On December 22, 2022, LastPass announced that they had a data breach a few months earlier. LastPass is a password management software that 25.6 million people use to store their passwords. The password vaults of many people were stolen. This Wired article goes into more details.
What Does This Mean?
If you use LastPass to store your passwords it is possible that your password vault was stolen. The vault is encrypted and individual passwords in the vault are also encrypted. If someone is able to crack your vault password they could see the contents of your vault, minus the actual passwords. This means they could also access your current LastPass vault unless you have additional protections (two-factor authentication) in place.
Though your individual passwords are further encrypted, the websites and usernames are not encrypted in the vault. This means someone would know you have a login to a given website and what your username is. That is enough information to target high-value sites like banking, paypal and so on.
What Should I Do?
If you are a LastPass customer, you should
- Change your LastPass vault password.
- Turn on two-factor authentication for your LastPass account.
- Change passwords on your high value (i.e. financial) logins that were stored in LastPass. Ideally change all passwords that were stored in LastPass.
- Consider if you want to switch to another password manager. There are many other products and exporting and importing passwords. This Wired article reviews several products.
What Does IT Think?
We think using a password manager is a great way to use complex passwords and make them easy to use. Most password managers have a web browser plugin so they work with a few clicks and no typing. This is a good reminder that any company is vulnerable to a breach, even a company that offers a security product. Because of this breach we no longer recommend LastPass as an option. We do recommend using a password manager. Again, the above wired article reviews some options and you can make a choice that fits your needs and budget.
On the weekend of January 29, 2022 we encountered an issue with the enrollment update from Agresso. The result was everyone was dropped and added back into their courses which has had impact on group membership and grade data for some activities. Fortunately, most grade data was not impacted, and we are exploring options to recover any grade data for those limited activities that were affected.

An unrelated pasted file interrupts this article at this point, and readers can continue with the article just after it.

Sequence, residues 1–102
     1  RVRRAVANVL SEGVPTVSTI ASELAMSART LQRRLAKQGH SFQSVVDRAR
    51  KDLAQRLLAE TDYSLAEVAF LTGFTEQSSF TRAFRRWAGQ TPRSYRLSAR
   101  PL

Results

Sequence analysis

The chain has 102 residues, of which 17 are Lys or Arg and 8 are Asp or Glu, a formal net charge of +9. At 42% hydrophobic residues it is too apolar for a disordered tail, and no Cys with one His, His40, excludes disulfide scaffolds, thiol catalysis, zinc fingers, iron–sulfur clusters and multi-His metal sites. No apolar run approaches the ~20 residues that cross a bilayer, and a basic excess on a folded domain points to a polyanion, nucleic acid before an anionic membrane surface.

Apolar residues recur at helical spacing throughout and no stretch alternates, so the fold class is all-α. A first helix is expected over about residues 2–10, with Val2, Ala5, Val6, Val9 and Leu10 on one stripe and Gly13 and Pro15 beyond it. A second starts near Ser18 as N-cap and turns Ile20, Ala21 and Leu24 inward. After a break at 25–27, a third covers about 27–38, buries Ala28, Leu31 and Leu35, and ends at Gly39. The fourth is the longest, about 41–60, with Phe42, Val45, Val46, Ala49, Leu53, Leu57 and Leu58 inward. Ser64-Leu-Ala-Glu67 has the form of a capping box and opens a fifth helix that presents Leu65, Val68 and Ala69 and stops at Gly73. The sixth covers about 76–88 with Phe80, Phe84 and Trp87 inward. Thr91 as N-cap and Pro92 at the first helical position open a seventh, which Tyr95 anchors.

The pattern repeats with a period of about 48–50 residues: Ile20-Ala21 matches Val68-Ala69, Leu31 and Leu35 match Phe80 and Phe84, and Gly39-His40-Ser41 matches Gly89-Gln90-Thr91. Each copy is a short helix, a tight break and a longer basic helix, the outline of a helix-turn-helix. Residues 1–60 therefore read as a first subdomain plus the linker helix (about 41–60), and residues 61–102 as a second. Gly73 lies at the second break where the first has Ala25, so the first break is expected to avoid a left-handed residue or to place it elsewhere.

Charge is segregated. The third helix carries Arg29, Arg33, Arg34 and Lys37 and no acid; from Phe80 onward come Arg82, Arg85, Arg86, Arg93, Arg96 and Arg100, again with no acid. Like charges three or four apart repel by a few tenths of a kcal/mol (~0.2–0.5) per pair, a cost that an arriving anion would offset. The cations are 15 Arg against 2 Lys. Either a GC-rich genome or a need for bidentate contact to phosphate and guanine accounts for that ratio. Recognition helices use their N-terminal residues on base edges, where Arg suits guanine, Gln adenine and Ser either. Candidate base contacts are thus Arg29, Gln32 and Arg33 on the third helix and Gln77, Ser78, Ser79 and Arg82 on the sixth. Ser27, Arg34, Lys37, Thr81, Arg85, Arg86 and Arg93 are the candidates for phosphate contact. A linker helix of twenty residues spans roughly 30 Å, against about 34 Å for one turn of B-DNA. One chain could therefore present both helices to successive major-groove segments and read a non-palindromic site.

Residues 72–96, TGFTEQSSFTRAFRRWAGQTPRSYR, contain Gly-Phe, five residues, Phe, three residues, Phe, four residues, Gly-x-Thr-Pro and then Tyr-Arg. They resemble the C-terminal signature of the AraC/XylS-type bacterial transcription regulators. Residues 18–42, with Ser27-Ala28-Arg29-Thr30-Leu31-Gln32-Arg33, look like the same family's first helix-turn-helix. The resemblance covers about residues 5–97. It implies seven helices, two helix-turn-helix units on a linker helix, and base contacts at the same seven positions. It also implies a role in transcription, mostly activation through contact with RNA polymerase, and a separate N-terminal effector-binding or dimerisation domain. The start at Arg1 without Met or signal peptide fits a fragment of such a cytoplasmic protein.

I am very sorry for the issue and want to assure you we’ve taken steps to prevent a similar issue in the future. We are still determining the root cause of the issue and have measures in place to prevent a recurrence until that root cause is addressed. Moodle enrollment is now back to being updated nightly (whereas before it was every 3 hours).
Faculty having questions or needing assistance can contact their Academic LFC and Bonnie Tensen.
You may have recently received an error message when trying to access Google Maps while logged into your Augsburg account. It appears that while it may have been previously available, Augsburg did not have Google Maps turned “On” as a non-core app available for Augsburg.edu accounts. A likely change by Google seems to have corrected what they would see as unintentional access. During our investigation, we have kept the service “Off.”
This change by Google also affected other Educational institutions that use Google Workplace services, and not just Augsburg.
Now we’ve turned it “On.” This is a good time to remind you that Google Maps does not fall under our Education terms of service so the privacy protections are the same as the consumer Google tools. Our Core Apps (Gmail, Calendar, Drive) fall under an education terms of service that includes FERPA protections. We have a web page that explains all of this.
In other words, non-core apps like Google Maps will collect data like the consumer Google products so be aware of that. And we recommend not requiring students to use any non-core apps for coursework since there aren’t FERPA protections like those that exist for core Google Workspace Apps.